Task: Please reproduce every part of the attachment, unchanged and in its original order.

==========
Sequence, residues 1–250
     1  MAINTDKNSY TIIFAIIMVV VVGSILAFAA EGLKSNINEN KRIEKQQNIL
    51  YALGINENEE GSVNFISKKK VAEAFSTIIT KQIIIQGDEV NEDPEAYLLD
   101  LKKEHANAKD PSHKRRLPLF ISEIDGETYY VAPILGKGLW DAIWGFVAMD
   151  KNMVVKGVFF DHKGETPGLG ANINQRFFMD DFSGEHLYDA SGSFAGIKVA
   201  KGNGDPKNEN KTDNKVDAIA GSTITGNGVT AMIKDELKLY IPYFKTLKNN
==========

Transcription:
Sequence, residues 1–250
     1  MAINTDKNSY TIIFAIIMVV VVGSILAFAA EGLKSNINEN KRIEKQQNIL
    51  YALGINENEE GSVNFISKKK VAEAFSTIIT KQIIIQGDEV NEDPEAYLLD
   101  LKKEHANAKD PSHKRRLPLF ISEIDGETYY VAPILGKGLW DAIWGFVAMD
   151  KNMVVKGVFF DHKGETPGLG ANINQRFFMD DFSGEHLYDA SGSFAGIKVA
   201  KGNGDPKNEN KTDNKVDAIA GSTITGNGVT AMIKDELKLY IPYFKTLKNN